The African-Caribbean Identity and the English Stage

Barnaby King

Research output: Contribution to journalArticle

2 Citations (Scopus)

Abstract

In the first of two essays employing academic discourses of cultural exchange to examine the intra-cultural situation in contemporary British society, published in NTQ 61, Barnaby King analyzed the relationship between Asian arts and mainstream arts in Britain on both a professional and a community level. In this second essay he takes a similar approach towards African-Caribbean theatre in Britain, comparing the Black theatre initiatives of the regional theatres with the experiences of theatre workers themselves based in Black communities. He shows how work which relates to a specific 'other' culture has to struggle to get funding, while work which brings Black Arts into a mainstream 'multicultural' programme has fewer problems. In the process, he specifically qualifies the claim that the West Yorkshire Playhouse provides for Black communities as well as many others, while exploring the alternative, community-based projects of 'Culturebox', based in the deprived Chapeltown district of Leeds.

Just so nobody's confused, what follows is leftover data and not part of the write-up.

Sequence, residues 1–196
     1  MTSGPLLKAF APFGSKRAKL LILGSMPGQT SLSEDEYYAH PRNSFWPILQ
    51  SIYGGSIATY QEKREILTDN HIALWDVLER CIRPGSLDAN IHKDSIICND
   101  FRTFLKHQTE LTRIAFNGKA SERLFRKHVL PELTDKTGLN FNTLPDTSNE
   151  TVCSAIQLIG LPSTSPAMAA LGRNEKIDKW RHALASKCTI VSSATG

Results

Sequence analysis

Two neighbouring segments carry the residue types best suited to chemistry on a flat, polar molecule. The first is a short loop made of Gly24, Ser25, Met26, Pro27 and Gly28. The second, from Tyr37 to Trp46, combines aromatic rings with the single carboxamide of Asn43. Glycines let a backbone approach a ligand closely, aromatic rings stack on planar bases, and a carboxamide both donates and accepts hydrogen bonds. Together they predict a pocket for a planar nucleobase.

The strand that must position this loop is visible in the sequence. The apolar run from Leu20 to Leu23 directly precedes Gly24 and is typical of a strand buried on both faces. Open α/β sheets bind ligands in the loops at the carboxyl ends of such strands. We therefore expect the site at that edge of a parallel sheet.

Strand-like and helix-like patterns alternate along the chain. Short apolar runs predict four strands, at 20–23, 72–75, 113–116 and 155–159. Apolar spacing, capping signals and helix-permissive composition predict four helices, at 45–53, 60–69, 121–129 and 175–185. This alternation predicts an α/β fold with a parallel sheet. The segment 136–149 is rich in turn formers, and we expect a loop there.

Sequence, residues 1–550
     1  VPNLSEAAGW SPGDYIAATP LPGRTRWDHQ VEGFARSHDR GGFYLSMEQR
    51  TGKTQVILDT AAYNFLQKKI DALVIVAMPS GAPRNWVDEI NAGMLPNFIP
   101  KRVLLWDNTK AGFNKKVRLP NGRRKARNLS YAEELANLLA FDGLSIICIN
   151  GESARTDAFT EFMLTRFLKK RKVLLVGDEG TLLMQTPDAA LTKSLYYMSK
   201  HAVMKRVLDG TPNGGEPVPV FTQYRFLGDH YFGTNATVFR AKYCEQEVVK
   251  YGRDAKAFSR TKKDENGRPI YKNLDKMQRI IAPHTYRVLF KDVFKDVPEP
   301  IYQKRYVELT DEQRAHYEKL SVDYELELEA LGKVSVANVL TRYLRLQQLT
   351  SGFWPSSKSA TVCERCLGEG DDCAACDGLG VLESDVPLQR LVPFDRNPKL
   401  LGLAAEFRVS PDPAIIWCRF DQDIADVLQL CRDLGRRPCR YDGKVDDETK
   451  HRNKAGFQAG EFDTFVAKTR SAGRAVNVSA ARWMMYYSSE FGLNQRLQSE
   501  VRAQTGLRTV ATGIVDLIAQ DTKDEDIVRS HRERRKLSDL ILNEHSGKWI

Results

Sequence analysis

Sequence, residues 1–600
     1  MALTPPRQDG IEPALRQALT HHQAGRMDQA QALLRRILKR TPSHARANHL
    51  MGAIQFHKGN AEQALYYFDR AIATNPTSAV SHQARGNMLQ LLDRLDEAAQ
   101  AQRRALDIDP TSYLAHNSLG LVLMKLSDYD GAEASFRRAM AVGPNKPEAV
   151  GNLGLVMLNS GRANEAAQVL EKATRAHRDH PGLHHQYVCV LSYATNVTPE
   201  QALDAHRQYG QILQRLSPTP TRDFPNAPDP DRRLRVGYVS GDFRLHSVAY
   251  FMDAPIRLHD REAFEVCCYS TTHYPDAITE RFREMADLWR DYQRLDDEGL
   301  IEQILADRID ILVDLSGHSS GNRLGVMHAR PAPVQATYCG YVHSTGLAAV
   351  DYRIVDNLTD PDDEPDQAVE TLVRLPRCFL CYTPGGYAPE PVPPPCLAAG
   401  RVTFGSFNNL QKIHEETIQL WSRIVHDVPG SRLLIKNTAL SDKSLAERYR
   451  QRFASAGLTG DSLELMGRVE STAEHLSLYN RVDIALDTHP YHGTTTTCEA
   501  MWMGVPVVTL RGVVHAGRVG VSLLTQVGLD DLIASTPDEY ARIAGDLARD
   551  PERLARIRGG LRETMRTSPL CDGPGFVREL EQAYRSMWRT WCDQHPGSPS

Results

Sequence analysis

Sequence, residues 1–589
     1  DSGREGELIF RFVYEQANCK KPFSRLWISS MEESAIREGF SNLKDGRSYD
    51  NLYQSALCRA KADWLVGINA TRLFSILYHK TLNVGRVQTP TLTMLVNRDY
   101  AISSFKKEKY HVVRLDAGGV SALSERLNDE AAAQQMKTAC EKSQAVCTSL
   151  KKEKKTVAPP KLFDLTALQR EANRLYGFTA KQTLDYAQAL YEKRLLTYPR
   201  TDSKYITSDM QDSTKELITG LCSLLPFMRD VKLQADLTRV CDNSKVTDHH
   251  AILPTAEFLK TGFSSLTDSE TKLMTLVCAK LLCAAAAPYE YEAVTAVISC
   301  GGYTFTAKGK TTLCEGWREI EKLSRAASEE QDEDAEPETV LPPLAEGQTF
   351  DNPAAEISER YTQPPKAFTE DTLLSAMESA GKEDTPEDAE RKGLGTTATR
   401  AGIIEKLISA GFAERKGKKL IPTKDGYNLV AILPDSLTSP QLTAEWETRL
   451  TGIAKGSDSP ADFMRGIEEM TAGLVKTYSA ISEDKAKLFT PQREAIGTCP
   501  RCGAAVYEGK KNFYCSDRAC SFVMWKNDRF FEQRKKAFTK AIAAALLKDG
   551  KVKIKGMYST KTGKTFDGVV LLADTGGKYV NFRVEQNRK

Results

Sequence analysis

Original languageEnglish
Pages (from-to)131-136
JournalNew Theatre Quarterly
Volume16
Issue number2
DOIs
Publication statusPublished - 2000

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Africa
Asian Art
Regional Theatre
Art
Leeds
Academic Discourse
Funding
Cultural Exchange
Yorkshire
Playhouse
Workers
Black Art

Cite this

King, Barnaby. / The African-Caribbean Identity and the English Stage. In: New Theatre Quarterly. 2000 ; Vol. 16, No. 2. pp. 131-136.
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The African-Caribbean Identity and the English Stage. / King, Barnaby.

In: New Theatre Quarterly, Vol. 16, No. 2, 2000, p. 131-136.

Research output: Contribution to journalArticle

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